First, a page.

Okay, I know it looks like all I do is kayak, but that’s not totally true. I bake, too! Seriously, though, no whitewater rivers run through Boston so I might as well pass the evenings away somehow. The last two evenings have been devoted to learning how to make ciabatta bread, which is surprisingly easy! In fact, I discovered that my oven doesn’t even work anymore (won’t go higher than 375 degrees), and the bread still came out tasty! So, here’s the post to how to make ciabatta bread, adapted from an All Recipes recipe. Enjoy!
- 1/4 teaspoon active dry yeast
- 2 tablespoons warm water (110 degrees F/45 degrees C)
- Pinch (like, 5-year-old finger size pinch) sugar
- 1/3 cup warm water
- 1 cup white flour
- 1/2 teaspoon active dry yeast
- 2 tablespoons warm milk (110 degrees F/45 degrees C)
- 2/3 cup warm water
- 1 tablespoon oil (olive’s best, but canola works fine)
- 2 cups white flour
- 1 teaspoons salt
- Stir in the 1/4 tsp yeast, sugar, and warm water together and let stand 5 minutes or
until creamy. The sugar’s not necessarily needed, but I find the yeast works better with a little bit. Honestly, who doesn’t perform better with sugar in your system?
- Stir in a bowl the yeast, 1/3 cup water, and 1 cup of the white flour for about 4 minutes. Then cover bowl with plastic wrap and set in aside for 12 hours to a full day. I did this in the evening and then got started with the rest of the recipe the next day.
- NEXT DAY: Mix the 1/2 tsp yeast with 2 Tbs warm milk. You know the drill, let stand for 5 minutes or until a creamy. Now, mix that with the sponge, water, oil, and rest of the flour and mix for about minutes. You can use an electric mixer, but if you’re broke, hand crankin’ it works. It’ll be moist when you’re done. Scrape mixture into another oiled bowl and let rise to double size, about 1 1/2 hours.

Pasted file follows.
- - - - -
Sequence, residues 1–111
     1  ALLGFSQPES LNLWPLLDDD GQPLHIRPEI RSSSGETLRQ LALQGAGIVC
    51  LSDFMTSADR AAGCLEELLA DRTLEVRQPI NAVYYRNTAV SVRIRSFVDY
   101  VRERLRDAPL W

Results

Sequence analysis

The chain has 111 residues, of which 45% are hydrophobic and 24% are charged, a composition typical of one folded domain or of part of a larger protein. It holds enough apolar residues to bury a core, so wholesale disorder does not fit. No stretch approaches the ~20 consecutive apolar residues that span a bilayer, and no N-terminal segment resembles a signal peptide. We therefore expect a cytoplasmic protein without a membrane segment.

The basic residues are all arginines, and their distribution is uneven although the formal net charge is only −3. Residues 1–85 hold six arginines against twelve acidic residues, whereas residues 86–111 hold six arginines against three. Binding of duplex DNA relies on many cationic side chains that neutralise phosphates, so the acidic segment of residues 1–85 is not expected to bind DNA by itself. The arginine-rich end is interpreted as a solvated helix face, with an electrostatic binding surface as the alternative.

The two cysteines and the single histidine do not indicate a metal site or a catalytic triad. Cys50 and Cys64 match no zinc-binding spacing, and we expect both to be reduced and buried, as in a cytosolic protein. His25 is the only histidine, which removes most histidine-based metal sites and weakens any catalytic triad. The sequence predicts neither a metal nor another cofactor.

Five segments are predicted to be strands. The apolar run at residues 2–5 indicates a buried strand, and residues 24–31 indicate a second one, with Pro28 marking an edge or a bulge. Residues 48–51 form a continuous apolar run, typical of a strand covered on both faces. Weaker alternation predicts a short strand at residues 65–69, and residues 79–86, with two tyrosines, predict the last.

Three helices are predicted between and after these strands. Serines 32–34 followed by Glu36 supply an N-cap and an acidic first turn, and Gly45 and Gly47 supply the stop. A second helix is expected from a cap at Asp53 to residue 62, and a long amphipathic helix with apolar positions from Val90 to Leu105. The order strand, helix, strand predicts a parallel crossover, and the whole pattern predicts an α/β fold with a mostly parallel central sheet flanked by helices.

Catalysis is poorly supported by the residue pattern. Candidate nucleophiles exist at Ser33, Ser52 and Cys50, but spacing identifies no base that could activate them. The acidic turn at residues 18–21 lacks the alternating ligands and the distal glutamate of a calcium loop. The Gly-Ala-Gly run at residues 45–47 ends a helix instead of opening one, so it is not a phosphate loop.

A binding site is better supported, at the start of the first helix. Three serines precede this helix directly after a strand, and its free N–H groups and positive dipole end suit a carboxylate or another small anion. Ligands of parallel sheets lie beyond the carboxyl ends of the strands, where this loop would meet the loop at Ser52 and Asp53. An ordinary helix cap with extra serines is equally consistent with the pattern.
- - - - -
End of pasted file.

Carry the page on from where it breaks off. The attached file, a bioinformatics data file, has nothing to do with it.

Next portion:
- Turn dough onto well-floured surface and cut into two loaves. OR! Like me, you can make rolls, which is just taking small chunks out of the mass on the counter and rolling them into balls with WELL-FLOURED hands. Place the two loaves/9 or so rolls onto a greased cookie sheet and cover with a towel to double in size again, about 1 1/2 hours.
- At 45 minutes, turn the oven on to 425 F and put either a baking stone inside or a baking dish filled with water. The reason for this is to let steam rise, which will give the ciabatta that nice, hard, tasty crust we all love. Wait the remaining 45 minutes and then pop into the oven for 20 minutes or until lightly golden. Let cool on a rack as long as you can stand it before digging in!
I have to say, I was really impressed with how easy and tasty these rolls came out. All it took was a 7-minute sponge preparation the previous night and a little bit of patience the day of baking (as most bread recipes tend to require). I cooked dinner, did yoga, and read some of 1984 during that time, though, so it’s not like you’re stuck in the kitchen the whole time. PLUS, baking bread offers that satisfaction of being just a little more independent from the grocery store and being able to make something people will love! Enjoy!